Video courtesy of the Gazzas

They finish the band set with ‘Behind Blue Eyes’. Twice. Yes, most of the way through the first time, Rog stops everyone and says “Start again!!” There is a brief pause and he says “I need to have a word with my soundman” as he’s having troubles. Pete jokes “NO” and Roger says back “I told ‘im” – and they restart. Pete sort of covers up the difficult spot by joking around “You know, back before I came out tonight, I’m looking down at my feet – I have these very nice Prada boots – and I had them on the wrong feet! You’re so lucky I even found the right venue tonight” They are indeed nice boots, like the up-market version of the old Doc Martens he used to stomp on every show.

Heading into Quadrophenia, Pete mentions a memory; in 1968 he’d battled with Kit Lambert (manager and producer) about adding an orchestra to the original Tommy album. Pete felt it was wrong, that they were a “rock band” and that John Entwistle’s French horn would be enough of that on the record. But in 1973, he’d “spent so much time on souped-up organ and synthesiser tracks trying to sound like an orchestra” that it’s really the appropriate music to add an orchestra on top for these shows.

Video courtesy of KrisLW 

Tonight’s ‘5:15’ has some real energy, and you can tell Pete is pleased it’s actually taking off a bit. As usual, the Quadrophenia set relies on precision and execution – so it really does work well when it matches the record everyone knows. During the band introductions, everything’s going well, until Zak leans over too far backward when applauding for another band member, and his chair goes end-over, dumping him onto the stage behind. Not many saw it (even though he live-streamed it on his phone) and suddenly Rog and Pete are looking for him “Where did you go, Zak!?” when he pops up, evidently unharmed, just in time for a rocking rendition of ‘Baba O’Riley’ to close out the show. Roger closes out the show with a great sentiment – “Thanks SO much; we really appreciate it, more than you can ever know!” True, they do love this, and without the fans, it would not be what it is. The band then left the stage and the lights dimmed leaving just Pete and Roger in a single spotlight who then gave us ‘Tea & Theatre’, Pete on acoustic guitar, Rog on vocals.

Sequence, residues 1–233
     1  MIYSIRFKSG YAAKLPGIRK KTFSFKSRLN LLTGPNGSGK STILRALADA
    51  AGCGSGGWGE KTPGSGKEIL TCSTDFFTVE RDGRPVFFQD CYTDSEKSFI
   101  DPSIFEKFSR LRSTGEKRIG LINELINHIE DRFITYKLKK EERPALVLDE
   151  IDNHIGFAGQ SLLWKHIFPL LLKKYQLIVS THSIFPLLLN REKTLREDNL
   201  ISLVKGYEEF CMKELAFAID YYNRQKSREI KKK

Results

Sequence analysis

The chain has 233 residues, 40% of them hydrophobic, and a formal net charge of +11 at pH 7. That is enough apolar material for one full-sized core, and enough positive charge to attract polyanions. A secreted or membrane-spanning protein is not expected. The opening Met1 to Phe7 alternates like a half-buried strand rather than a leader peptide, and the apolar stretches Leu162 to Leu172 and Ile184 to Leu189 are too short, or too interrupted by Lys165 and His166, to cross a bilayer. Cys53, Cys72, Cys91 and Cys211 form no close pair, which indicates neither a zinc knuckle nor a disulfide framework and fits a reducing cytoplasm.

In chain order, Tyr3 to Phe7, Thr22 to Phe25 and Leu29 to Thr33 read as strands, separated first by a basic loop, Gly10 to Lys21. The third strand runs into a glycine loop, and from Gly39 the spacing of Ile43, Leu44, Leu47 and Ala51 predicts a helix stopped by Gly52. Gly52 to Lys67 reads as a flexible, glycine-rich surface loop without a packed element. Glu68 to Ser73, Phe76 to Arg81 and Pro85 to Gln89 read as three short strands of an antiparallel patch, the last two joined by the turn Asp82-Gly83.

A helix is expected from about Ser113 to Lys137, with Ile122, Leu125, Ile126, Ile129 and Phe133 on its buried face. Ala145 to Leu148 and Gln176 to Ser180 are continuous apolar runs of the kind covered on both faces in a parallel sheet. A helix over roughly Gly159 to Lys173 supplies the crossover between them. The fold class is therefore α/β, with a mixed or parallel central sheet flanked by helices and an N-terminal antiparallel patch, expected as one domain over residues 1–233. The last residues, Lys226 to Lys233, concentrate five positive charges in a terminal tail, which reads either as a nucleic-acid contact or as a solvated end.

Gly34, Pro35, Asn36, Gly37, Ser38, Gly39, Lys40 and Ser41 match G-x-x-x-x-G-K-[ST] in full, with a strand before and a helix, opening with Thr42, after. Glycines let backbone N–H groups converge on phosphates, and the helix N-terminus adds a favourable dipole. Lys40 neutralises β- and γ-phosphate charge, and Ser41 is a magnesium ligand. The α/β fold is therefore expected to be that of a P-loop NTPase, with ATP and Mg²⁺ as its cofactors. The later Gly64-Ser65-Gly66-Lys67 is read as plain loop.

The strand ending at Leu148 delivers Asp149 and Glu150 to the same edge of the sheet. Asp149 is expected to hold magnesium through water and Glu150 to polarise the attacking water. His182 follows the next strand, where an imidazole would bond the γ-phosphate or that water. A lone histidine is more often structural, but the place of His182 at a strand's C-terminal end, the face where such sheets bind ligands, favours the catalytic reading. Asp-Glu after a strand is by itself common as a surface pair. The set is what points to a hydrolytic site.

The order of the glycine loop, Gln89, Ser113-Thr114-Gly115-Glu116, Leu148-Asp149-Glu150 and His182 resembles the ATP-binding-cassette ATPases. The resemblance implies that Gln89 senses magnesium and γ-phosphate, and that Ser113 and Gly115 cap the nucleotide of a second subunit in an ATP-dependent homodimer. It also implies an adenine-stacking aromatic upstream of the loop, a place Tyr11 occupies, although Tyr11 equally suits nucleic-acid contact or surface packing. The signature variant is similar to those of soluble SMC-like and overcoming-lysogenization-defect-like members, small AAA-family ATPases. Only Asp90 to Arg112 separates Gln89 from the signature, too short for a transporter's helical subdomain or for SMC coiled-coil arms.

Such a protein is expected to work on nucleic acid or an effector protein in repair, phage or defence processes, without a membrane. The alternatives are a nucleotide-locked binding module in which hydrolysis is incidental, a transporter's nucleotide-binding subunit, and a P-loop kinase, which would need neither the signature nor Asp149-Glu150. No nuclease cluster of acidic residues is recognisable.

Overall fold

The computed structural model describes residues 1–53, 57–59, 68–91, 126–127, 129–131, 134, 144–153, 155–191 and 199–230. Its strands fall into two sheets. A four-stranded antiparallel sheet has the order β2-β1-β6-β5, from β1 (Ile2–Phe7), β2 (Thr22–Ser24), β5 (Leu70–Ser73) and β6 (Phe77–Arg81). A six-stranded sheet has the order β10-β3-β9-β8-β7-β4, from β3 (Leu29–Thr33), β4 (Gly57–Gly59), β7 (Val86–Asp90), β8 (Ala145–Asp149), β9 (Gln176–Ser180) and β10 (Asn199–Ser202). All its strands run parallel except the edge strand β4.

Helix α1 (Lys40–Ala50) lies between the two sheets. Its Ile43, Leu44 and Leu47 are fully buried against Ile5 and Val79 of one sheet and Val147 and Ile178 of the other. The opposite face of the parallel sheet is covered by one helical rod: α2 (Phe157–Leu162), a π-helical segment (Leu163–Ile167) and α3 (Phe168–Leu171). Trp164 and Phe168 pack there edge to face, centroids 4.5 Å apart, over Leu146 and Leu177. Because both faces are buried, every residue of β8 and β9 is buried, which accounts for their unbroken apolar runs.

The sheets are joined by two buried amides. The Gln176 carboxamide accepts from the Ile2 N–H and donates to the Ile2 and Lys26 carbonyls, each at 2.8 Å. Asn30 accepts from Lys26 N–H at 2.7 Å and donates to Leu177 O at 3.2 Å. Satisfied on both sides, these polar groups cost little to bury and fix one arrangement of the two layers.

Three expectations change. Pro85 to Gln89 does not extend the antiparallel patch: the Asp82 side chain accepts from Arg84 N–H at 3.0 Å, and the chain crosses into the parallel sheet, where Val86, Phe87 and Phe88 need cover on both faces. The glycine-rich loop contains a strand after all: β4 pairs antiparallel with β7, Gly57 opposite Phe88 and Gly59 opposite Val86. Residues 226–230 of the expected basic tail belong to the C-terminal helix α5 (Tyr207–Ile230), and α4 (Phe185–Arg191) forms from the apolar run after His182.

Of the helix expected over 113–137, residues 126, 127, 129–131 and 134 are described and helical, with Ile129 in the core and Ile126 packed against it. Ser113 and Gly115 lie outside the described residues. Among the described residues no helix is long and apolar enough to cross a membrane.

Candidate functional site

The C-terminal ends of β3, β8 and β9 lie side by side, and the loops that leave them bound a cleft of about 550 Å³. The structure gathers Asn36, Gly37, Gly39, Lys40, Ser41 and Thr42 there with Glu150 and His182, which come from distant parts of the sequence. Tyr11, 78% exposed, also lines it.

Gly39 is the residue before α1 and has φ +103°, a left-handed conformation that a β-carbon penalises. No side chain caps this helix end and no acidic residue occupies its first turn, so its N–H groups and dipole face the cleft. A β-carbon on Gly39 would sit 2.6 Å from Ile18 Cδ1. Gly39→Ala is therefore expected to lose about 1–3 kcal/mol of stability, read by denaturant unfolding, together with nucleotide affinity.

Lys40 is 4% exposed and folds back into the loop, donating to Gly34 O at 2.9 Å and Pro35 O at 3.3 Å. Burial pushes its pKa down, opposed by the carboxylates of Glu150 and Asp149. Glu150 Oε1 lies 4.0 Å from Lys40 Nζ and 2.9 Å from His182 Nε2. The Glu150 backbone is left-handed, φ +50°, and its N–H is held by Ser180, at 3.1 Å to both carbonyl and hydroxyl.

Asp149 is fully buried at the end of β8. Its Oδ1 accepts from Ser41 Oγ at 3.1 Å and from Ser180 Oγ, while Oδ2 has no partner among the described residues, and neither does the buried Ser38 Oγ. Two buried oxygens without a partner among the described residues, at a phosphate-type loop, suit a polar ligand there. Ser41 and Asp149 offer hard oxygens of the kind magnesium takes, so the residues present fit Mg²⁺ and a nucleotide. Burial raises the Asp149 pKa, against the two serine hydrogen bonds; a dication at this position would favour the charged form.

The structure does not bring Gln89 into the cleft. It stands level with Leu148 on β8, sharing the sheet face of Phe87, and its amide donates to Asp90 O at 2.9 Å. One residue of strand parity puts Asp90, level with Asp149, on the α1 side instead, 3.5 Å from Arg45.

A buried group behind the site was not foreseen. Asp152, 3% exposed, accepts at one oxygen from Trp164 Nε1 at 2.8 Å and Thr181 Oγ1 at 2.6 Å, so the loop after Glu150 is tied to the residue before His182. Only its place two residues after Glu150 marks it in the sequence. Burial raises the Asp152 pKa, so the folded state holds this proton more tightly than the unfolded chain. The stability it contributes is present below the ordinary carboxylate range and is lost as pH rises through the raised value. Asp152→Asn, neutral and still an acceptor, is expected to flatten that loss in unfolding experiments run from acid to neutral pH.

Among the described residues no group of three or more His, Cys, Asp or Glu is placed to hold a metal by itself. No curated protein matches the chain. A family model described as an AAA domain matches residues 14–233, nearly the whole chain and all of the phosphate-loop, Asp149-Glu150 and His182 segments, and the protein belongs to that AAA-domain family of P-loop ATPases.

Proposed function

This felt like a really strong show. Each person in the room has a different impression. I felt it was musically pretty damn good, although not magical status, yet the audience was sitting quietly for most of this – unlike rowdy and drunk Edinburgh, which didn’t have the musical level but had the attitude. So, without question a really good show with the hometown audience. Still many told me it was exceptional – and I’ll believe them, as they probably hear a clearer, more-balanced version of the show there out-front where it counts most.

With London done and gone, we have six more to go on this run (I think.) Every tour has a “stumble start” (Hull) and then a “getting into it” phase (Edinburgh and London) and then it all becomes normal; no more remembering parts or dealing with issues – and usually some real magic happens. If you’re thinking of it, I encourage anyone in the UK to choose and see one of these coming shows. They are kind of small venues, not sold out yet, and that encourages the spark of wildness we appreciate. We never know when the big end of it all will actually happen, but I do know that it’s likely we’re going to feel The Who magic hit hard some night when it all lines up; no one is worried or caring too much, and the stars align for the moment, musical greatness exceeds the normal.

Onward . . .

Tonight’s Set List

With Orchestra
Amazing Journey
The Acid Queen
Pinball Wizard
We’re Not Gonna Take It
Who Are You
Eminence Front

Band Only
The Kids Are Alright
You Better You Bet
Anyway, Anyhow, Anywhere
I Can’t Explain
My Generation
Cry If You Want
Won’t Get Fooled Again
Behind Blue Eyes

With Orchestra
The Real Me
I’m One
The Rock
Love, Reign O’er Me
Baba O’Riley
Tea & Theatre